* @see http://en.wikipedia.org/wiki/Low-pass_filter#Algorithmic_implementation
 * @see http://en.wikipedia.org/wiki/Low-pass_filter#Simple_infinite_impulse_response_filter
protected float[] lowPass( float[] input, float[] output ) {
    if ( output == null ) return input;

    for ( int i=0; i<input.length; i++ ) {
        output[i] = output[i] + ALPHA * (input[i] - output[i]);
    return output;

Thank you @slebetman for pointing me toward the Wikipedia link, which after a little reading drew me to the algorithm on the wikipedia Low-pass filter article. I won't swear I have the best algorithm (or even right!) but anecdotal evidence seems to indicate it's doing the trick.

  • 2
    just wanted to say that if you use this code on android, return input.copy() initially instead of the array itself. My sensor writes into the same array, i.e. input and output are the same array and smoothing won't work. – Robert Ende Oct 11 '14 at 22:56

Well there are many ways to smooth sensor data depends what kind of sensor it is and what analogy will suit. I have used these algorithms in my projects:

  1. High Pass Filter[HPF] and Low Pass Filters[LPF]- as expressed in the selected answer.
  2. Moving Average Algorithm -MAA
  3. Gaely's Algorithmm[Better version for MAA]
  4. Fast Fourier Transform -FFT


HPF-High Pass Filter

private float[] highPass(float x, float y, float z) {
    float[] filteredValues = new float[3];
    gravity[0] = ALPHA * gravity[0] + (1 – ALPHA) * x;
    gravity[1] = ALPHA * gravity[1] + (1 – ALPHA) * y;
    gravity[2] = ALPHA * gravity[2] + (1 – ALPHA) * z;
    filteredValues[0] = x – gravity[0];
    filteredValues[1] = y – gravity[1];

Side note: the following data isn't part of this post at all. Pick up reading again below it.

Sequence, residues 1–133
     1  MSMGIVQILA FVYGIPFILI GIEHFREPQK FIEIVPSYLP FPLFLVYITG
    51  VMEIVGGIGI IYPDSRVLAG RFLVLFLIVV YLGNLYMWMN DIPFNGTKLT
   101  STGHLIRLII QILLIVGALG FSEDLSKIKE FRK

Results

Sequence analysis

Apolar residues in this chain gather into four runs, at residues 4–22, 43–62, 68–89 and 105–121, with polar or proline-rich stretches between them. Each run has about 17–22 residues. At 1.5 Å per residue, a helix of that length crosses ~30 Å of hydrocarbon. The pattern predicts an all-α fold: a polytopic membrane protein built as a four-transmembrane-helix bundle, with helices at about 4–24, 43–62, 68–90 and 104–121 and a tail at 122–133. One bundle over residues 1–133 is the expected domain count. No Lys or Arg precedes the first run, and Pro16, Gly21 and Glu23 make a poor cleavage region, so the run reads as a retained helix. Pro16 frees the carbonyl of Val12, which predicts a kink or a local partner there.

filteredValues[2] = z – gravity[2];
    return filteredValues;   

LPF-Low Pass Filter

private float[] lowPass(float x, float y, float z) {
    float[] filteredValues = new float[3];
    filteredValues[0] = x * a + filteredValues[0] * (1.0f – a);
    filteredValues[1] = y * a + filteredValues[1] * (1.0f – a);
    filteredValues[2] = z * a + filteredValues[2] * (1.0f – a);
    return filteredValues;

MAA-Moving Average

     private final int SMOOTH_FACTOR_MAA = 2;//increase for better results   but hits cpu bad

     public ArrayList<Float> processWithMovingAverageGravity(ArrayList<Float> list, ArrayList<Float> gList) {
            int listSize = list.size();//input list
            int iterations = listSize / SMOOTH_FACTOR_MAA;
            if (!AppUtility.isNullOrEmpty(gList)) {
            for (int i = 0, node = 0; i < iterations; i++) {
                float num = 0;
                for (int k = node; k < node + SMOOTH_FACTOR_MAA; k++) {
                    num = num + list.get(k);
                node = node + SMOOTH_FACTOR_MAA;
                num = num / SMOOTH_FACTOR_MAA;
                gList.add(num);//out put list
            return gList;

Here is an example based on the logic in the MotionEvents section of the Event Handling guide for iOS.

float ALPHA = 0.1;

protected float[] lowPass( float[] input, float[] output ) {
    if ( output == null ) return input;

    for ( int i=0; i<input.length; i++ ) {
        output[i] = (input[i] * ALPHA) + (ouptut[i] * (1.0 - ALPHA));
    return output;

Digging up an old question here, but if you're in .NET land, you can use the RX to do this for you.

For example, using RX in conjunction with WebClient.DownloadFileAsync to calculate a "smoothed" download speed:

double interval = 2.0; // 2 seconds
long bytesReceivedSplit = 0;

WebClient wc = new WebClient();
var downloadProgress = Observable.FromEventPattern<
    DownloadProgressChangedEventHandler, DownloadProgressChangedEventArgs>(
    h => wc.DownloadProgressChanged += h,
    h => wc.DownloadProgressChanged -= h)
    .Select(x => x.EventArgs);

downloadProgress.Sample(TimeSpan.FromSeconds(interval)).Subscribe(x =>
        Console.WriteLine((x.BytesReceived - bytesReceivedSplit) / interval);
        bytesReceivedSplit = x.BytesReceived;

Uri source = new Uri("http://someaddress.com/somefile.zip");
wc.DownloadFileAsync(source, @"C:\temp\somefile.zip");

Obviously the longer the interval, the greater the smoothing will be, but also the longer you will have to wait for an initial reading.